Survival of the Best Fit: Exposure to Low-Wage Countries and the (Uneven) Growth of U.S. Manufacturing Plants
Paper No' CEPDP0584:
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Keywords: Low-Wage Country Import Competition; Heckscher-Ohlin, Manufacturing Plant
JEL Classification: F11; F14 ; L25; L60
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This Paper is published under the following series:
CEP Discussion Papers
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This paper examines the role of international trade in the reallocation of U.S. manufacturing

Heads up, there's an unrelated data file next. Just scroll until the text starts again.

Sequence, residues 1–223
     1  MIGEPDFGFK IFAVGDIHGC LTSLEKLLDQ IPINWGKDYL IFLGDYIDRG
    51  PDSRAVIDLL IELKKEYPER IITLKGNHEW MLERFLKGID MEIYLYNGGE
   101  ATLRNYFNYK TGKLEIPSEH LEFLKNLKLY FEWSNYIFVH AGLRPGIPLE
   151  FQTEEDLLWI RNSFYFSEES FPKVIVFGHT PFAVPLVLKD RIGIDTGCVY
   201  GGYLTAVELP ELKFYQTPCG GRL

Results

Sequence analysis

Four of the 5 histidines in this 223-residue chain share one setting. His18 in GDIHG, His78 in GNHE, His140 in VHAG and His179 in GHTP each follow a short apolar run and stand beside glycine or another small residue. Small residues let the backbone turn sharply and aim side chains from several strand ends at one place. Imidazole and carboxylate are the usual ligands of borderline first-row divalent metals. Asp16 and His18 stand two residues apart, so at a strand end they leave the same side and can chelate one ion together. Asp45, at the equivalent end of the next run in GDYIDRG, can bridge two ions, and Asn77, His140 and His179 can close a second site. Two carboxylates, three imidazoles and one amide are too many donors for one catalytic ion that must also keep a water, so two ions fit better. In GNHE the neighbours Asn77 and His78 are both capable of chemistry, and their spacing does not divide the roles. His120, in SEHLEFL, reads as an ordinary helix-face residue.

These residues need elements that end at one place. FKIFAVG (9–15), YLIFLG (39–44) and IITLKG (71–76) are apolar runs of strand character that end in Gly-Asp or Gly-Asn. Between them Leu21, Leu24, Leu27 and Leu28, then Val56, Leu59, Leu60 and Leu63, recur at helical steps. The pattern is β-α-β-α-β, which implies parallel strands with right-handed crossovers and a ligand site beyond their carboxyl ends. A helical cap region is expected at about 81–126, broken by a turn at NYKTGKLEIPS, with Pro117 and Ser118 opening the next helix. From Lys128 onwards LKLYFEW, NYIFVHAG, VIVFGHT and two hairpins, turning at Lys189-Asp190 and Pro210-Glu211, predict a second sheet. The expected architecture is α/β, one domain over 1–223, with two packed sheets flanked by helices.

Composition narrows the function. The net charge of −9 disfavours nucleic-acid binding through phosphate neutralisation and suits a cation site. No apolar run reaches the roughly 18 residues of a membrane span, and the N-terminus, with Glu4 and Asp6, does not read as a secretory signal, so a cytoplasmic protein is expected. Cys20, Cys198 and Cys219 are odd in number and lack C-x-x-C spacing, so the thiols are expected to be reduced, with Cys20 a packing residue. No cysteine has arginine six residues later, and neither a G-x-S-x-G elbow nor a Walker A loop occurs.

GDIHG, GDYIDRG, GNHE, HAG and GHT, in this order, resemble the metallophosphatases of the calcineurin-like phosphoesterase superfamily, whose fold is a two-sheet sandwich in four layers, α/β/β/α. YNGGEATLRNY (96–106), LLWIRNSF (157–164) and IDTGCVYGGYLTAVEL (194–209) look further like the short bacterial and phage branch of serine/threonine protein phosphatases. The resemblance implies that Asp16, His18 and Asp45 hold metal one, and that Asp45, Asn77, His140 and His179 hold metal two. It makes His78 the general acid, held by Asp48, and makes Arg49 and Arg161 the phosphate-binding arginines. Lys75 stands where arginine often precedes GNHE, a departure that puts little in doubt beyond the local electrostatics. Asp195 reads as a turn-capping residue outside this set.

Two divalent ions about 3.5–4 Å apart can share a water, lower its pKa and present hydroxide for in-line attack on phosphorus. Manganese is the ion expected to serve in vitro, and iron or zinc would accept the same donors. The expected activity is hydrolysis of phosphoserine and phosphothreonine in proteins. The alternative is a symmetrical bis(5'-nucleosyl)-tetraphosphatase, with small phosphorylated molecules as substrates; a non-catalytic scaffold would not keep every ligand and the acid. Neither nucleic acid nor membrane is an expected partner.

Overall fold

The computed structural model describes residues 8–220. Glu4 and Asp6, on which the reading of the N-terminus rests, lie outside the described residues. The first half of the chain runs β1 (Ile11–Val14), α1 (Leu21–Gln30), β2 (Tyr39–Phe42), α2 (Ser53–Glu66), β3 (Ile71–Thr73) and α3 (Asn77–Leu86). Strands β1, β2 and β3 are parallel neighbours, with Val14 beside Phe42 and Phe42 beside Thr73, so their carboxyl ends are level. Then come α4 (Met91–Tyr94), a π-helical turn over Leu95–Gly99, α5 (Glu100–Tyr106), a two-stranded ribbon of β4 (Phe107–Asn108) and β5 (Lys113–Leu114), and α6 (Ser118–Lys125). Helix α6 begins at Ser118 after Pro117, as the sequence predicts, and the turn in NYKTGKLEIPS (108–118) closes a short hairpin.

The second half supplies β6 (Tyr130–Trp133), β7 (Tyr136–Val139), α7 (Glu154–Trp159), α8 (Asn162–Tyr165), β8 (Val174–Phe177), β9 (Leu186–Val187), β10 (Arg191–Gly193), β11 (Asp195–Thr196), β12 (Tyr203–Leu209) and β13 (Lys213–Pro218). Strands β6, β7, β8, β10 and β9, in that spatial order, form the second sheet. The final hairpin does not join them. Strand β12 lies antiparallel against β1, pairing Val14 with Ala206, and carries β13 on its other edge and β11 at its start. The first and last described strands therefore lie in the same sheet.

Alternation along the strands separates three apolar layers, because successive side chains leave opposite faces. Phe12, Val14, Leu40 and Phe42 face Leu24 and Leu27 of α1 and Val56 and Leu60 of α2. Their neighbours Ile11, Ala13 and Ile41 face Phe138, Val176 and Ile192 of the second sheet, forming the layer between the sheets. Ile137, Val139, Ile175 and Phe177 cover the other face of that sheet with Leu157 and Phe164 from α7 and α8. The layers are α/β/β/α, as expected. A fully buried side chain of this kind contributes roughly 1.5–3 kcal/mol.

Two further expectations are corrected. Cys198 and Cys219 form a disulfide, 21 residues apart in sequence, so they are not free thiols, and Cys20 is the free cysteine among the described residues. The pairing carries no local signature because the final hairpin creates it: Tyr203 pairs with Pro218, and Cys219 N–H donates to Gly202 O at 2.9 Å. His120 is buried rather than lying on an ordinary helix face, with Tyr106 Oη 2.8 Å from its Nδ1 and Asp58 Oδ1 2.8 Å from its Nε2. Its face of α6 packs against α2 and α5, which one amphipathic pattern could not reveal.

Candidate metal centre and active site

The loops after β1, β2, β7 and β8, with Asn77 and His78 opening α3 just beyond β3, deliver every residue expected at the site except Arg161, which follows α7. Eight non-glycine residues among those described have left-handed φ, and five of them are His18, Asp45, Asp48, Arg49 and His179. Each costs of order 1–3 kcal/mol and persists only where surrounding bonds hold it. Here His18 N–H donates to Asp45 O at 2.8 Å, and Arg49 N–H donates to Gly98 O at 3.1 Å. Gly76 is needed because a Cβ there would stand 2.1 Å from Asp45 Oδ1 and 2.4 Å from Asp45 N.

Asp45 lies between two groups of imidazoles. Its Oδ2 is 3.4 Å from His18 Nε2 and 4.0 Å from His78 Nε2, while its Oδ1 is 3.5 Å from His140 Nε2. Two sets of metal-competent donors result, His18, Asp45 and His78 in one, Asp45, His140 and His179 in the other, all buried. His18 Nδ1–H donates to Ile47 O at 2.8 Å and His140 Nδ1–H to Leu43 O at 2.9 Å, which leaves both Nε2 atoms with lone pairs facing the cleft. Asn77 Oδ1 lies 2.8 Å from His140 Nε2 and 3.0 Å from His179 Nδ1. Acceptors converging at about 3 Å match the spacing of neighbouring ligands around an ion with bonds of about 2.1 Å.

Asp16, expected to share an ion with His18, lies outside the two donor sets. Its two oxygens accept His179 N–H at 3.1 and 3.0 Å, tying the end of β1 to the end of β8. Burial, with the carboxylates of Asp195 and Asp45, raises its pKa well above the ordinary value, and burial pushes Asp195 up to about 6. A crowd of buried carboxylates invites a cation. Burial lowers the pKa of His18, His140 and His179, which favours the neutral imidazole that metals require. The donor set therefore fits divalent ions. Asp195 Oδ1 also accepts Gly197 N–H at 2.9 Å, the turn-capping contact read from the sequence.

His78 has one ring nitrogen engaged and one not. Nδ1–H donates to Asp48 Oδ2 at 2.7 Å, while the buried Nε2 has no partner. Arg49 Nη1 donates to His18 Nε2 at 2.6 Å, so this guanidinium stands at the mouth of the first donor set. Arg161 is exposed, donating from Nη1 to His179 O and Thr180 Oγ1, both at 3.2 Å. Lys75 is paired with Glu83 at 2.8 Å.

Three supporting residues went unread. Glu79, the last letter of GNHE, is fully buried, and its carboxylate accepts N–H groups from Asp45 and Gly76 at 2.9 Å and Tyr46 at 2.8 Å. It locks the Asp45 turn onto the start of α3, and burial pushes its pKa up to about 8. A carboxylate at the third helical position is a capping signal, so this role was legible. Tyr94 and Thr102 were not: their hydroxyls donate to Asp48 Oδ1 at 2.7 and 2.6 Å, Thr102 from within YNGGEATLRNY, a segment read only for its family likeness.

activity within and across industries from 1977 to 1997. It introduces a new measure of
industry exposure to international trade, motivated by the Heckscher-Ohlin model, which
focuses on where imports originate rather than their overall level. Results demonstrate that
plant survival as well as output and employment growth are negatively associated with the
share of industry imports sourced from the world ¿s lowest-wage countries. Within industries,
activity is reallocated towards capital- intensive plants. Plants are also more likely to alter
their product mix (i.e. switch industries) in response to trade with low-wage countries. Plants
altering their product mix switch to industries that are more capital and skill- intensive.